clear
Thursday February 11th, 2016 10:49PM

Top US general says he can work with airstrike ban

By The Associated Press
KABUL, Afghanistan (AP) -- The top American commander in Afghanistan said on Sunday that he believes the U.S.-led NATO coalition can operate effectively despite the Afghan president's decision to ban Afghan security forces from requesting airstrikes in residential areas.

President Hamid Karzai on Saturday said he decided on the ban after Afghan security services asked the U.S. military for an airstrike during a joint Afghan-NATO operation last week. Afghan officials said the airstrike killed 10 civilians, including women and children, in northeast Kunar province along with four insurgents.

The death of civilians during military operations, particularly in airstrikes, has been among the most divisive issues of the 11-year-old war. The U.S.-led coalition has implemented measures to mitigate them, but the Afghan military also relies heavily on air support to gain an upper hand in the fight against Taliban militants and other insurgents.

Marine Gen. Joseph Dunford told reporters during a briefing that he was working out the details of the ban with Afghanistan's defense minister and military chief.

"This is a sovereign nation and the president is exercising sovereignty," Dunford said, adding that NATO had "made extraordinary progress in mitigating risks to civilians and we will continue to do so."

Dunford said coalition forces believe they can conduct "effective operations within the president's guidance" because it falls within a tactical directive issued last year by his predecessor, Marine Gen. John Allen.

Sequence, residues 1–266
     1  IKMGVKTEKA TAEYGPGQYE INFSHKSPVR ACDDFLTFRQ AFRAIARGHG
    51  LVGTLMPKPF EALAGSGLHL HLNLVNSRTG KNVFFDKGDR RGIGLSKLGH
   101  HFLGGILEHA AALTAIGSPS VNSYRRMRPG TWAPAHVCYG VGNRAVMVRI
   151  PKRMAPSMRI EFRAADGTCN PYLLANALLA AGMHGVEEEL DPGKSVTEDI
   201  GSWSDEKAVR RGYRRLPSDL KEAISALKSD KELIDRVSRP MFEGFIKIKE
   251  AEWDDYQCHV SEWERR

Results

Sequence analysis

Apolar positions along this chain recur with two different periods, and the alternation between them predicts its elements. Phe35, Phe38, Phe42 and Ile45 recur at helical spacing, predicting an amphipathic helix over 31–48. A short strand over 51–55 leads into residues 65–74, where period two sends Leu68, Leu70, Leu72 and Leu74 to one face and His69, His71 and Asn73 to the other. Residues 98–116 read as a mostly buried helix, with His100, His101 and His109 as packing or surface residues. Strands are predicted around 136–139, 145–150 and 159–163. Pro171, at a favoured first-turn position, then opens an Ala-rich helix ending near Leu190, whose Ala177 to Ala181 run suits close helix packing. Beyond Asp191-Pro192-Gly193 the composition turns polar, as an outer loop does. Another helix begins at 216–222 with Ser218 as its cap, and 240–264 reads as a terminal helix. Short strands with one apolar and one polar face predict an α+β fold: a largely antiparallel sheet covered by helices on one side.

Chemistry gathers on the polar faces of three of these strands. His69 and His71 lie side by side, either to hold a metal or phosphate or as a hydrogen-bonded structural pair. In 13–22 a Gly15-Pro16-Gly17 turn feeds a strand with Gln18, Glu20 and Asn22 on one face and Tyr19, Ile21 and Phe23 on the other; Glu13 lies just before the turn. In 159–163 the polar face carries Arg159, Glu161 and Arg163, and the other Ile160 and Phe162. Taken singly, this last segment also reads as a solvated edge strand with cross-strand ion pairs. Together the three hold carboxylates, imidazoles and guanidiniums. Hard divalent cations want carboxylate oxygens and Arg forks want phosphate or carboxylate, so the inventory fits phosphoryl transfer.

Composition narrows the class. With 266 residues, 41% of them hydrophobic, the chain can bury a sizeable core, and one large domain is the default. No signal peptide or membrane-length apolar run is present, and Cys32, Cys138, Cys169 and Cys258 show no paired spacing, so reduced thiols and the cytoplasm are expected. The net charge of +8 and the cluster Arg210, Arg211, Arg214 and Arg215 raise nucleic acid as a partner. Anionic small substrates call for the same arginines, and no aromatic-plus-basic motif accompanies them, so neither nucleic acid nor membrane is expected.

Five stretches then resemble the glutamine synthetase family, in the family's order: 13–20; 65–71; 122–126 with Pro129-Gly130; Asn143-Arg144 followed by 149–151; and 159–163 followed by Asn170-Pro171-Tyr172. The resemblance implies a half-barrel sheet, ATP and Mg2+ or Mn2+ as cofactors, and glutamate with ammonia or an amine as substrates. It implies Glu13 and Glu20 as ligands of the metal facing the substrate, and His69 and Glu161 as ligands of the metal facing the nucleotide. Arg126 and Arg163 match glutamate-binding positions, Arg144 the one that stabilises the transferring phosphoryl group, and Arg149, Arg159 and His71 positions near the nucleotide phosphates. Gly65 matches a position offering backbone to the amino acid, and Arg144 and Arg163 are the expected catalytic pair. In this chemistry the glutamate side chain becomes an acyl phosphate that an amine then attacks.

The U.S.-led military coalition said last June that it would limit airstrikes to a self-defense weapon of last resort for troops and would avoid hitting structures that could house civilians. That followed a bombardment that killed 18 civilians celebrating a wedding in eastern Logar province, which drew an apology from the American commander.

The coalition, however, can still carry out airstrikes on its own accord.

"I believe the support we will provide to the Afghans is exactly consistent with the coalition's tactical directive," Dunford said.

The U.N. mission in Afghanistan said 83 civilians were killed and 46 wounded in aerial attacks by international military forces in the first half of 2012. That figure was down 23 percent from the same period of 2011 - the deadliest year on record for civilians in the Afghan war. It said two-thirds of the casualties last year were women and children and insurgents were responsible for the overwhelming majority of the deaths.

Karzai's decision, however, could hamper the Afghan force's ability to fight the insurgency as it robs them of one of their most potent weapons. It also runs counter to Afghan requests for NATO to supply their security forces with aircraft capable of carrying out airstrikes. The Afghan military has repeatedly implored the United States for jet fighters, such as F-16's, and heavy weapons - including tanks and artillery.